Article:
Thirty Years in the TARDIS has dated terribly, which is one of the reasons that I’m so fond of it. For its time, it was a bold and ambitious production, fusing live action skits with talking heads in a three-act documentary (cliffhangers and all) that recounts the entire history of the classic series through the eyes of a child. Iconic visuals such as Autons breaking though shop windows and Daleks patrolling London are shown from the point of view of this young protagonist, who eventually finds his way to the TARDIS, where he becomes the first-ever person to cross through its doors and into the console room in one fluid camera shot. The price paid for this gimmickiness is a frustrating penchant for cliché and a patent lack of depth. It’s a programme aimed not at the die-hards who’ll be buying this box set, but the now-grown-up Joe Public and his gran, who just want to pretend that they can remember young Joe hiding behind the sofa back in the mists of monochrome time. It nonetheless possesses a quiet charm that I find more appealing than the loud, mainstream mania of today, where they won’t even tell you who the next Doctor is until you’ve sat through twenty-odd minutes of Zoë Ball interviewing celebrity fans as viewers’ speculative text messages fly by.


Above: More Than 30 Years in the TARDIS's DVD menu / The Lambert Tapes


The ten-minute Lambert Tapes offer a startling contrast, as the series’ first producer, the legendary Verity Lambert, speaks in depth about how it felt to be a twenty-seven-year-old female producer in what was then very much a male producer’s world. The late Verity’s memories are complemented nicely by those of director Richard Martin, who shares his thoughts about her in a short accompanying clip, also culled from the masses of material shot for The Story of Doctor Who. Peter Purves’ fifteen minutes of material have more of a negative vibe, despite his professed enthusiasm for the TARDIS and its storytelling potential. This is understandable, I suppose, given that he discusses how, after having earned only “forty-four thirty-five quids”, the series killed his acting career “stone dead”, and it was only when he threw away a prop that he’d kept – the Trilogic Game from The Celestial Toymaker – that his agent called to offer him a spot presenting Blue Peter.


Not all of the More Than Thirty Years in the TARDIS’s bonus material comes from The Story of Doctor Who’s cutting room floor, though. Remembering Nicholas Courtney is a freshly-made programme that looks back at the life of the man who made the Brigadier a staple of the series, including his time before and after Who. As a huge fan of the character, I was a little humbled by the lack of knowledge that I have of the man of who played him. Presented by his biographer, this twenty-six-minute feature recounts Courtney’s growing up in Egypt; the terrible bullying that he endured; and the sense of abandonment that he felt growing up without his biological mother, most of which comes directly from the mouth of the man himself, interviewed shortly before his death in 2011. It’s an enlightening little feature, long overdue.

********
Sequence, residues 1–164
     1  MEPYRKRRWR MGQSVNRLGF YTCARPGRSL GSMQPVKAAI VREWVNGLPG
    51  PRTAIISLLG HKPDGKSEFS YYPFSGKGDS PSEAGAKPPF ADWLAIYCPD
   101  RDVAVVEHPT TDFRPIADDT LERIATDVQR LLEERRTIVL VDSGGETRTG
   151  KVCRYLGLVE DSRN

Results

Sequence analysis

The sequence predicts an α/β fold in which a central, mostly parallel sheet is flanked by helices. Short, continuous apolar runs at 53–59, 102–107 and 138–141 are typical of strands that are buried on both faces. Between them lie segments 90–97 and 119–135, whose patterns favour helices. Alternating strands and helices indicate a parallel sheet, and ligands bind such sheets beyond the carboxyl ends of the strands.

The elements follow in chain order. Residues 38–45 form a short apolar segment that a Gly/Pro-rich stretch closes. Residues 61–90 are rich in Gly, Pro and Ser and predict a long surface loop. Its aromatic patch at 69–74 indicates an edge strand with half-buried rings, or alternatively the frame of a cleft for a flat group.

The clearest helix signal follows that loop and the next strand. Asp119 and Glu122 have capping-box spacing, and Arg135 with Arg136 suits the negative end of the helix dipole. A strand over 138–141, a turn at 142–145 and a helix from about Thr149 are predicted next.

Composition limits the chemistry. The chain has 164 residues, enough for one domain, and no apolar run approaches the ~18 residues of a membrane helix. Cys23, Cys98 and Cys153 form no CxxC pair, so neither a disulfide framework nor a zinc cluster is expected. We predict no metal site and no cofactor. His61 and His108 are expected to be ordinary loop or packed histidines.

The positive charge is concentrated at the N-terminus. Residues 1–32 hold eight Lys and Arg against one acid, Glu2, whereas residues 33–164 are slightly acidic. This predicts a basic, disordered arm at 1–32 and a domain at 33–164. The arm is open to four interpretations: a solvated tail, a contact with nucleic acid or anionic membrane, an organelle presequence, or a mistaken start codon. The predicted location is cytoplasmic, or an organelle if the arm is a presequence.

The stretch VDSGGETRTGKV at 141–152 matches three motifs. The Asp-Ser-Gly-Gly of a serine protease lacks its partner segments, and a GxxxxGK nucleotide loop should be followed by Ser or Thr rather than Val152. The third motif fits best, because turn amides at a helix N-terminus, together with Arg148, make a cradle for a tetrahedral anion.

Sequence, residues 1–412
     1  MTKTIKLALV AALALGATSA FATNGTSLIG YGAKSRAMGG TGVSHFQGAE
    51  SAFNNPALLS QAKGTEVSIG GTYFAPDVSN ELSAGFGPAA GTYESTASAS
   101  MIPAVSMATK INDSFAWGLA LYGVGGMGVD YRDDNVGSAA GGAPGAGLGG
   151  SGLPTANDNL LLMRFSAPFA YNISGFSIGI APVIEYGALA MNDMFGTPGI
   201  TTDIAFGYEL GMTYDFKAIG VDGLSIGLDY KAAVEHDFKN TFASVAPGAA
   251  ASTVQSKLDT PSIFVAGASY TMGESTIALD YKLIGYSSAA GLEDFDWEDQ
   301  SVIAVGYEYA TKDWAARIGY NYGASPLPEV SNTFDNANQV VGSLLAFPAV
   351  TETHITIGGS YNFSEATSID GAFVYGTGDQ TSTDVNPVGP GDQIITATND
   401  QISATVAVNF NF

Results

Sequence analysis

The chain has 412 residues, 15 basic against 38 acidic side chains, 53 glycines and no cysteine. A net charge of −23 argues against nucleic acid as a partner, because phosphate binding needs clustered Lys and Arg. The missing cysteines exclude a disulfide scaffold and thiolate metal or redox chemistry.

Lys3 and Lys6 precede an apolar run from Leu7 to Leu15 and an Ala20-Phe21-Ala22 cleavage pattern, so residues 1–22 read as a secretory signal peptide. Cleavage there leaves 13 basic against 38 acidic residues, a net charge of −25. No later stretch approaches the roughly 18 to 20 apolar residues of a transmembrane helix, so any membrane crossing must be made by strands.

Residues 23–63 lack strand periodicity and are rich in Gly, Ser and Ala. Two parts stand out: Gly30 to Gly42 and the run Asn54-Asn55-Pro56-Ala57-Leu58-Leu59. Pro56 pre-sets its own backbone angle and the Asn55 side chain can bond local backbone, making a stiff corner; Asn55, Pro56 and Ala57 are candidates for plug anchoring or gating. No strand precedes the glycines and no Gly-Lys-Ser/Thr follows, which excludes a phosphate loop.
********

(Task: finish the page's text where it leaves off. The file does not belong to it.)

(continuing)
Above: The More Than 30 Years in the TARDIS DVD helps us to remember Nicholas Courtney


The final Legacy offering is a twenty-two-minute study of Those Deadly Divas who collectively carved out a niche in the series for femme fatales amongst monsters and Masters. From the cold and clinical Rani to my personal favourite, the hitch-hiking Lady Peinforte, the likes of Gareth Roberts and Camille Coduri share their views on the antagonistic women who left a trail of blood and lipgloss on the Whoniverse. Was Captain Wrack just ’avin a larf? Were you in awe of the “casual wondrousness” of Lady Adrasta? Appalled at the “disdainful efficiency” of Krau Timmon? Or aghast at the two-faced Kara, who was even prepared to laugh at Davros’s jokes if it aided her cause? Why did Yvonne Hartman have Russell T Davies’ mannerisms? And did the Master really have the hots for Queen Galleia of Atlantis? This wonderful, celebratory programme answers all.


The Legacy Collection box set thus delivers two pieces of ephemera that no Doctor Who DVD collection would be complete without. However, whilst the bonus material that accompanies Shada and More Than Thirty Years in the TARDIS is for the most part excellent, I get the feeling that Shada was rush-released essentially ‘as was’ just to get it out for the anniversary year, when it would have been better for all had it been fleshed out and finished properly. Of course, whispers abound that it has indeed been finished properly, and so it may well be that a ‘special edition’ hits the shelves before too long...


Copyright © E.G. Wolverson 2007, 2013


E.G. Wolverson has asserted his right under the Copyright, Design

 and Patents Act 1988, to be identified as the author of this work.





The novelisation of Doctor Who’s infamous lost story had been a long time coming. Shada has gained legendary status amongst Who fans over the years, and both fans and officials have created ‘almost’ versions of the story. There’s the cobbled together video release with Tom Baker providing linking narration; the fan novelisation by Paul Scoones for the NZDWFC; the almost mythical patch-up version with animated versions of unmade scenes; the 40th anniversary webcast starring Paul McGann. None of them feel like they are what the story was supposed to be; they’re half-finished stopgaps and cover versions. Most disappointingly, none of the versions of Shada I’ve previously experienced has convinced me that the story was actually much good. It seemed that Douglas Adams’s final contribution to Doctor Who was simply not his best work.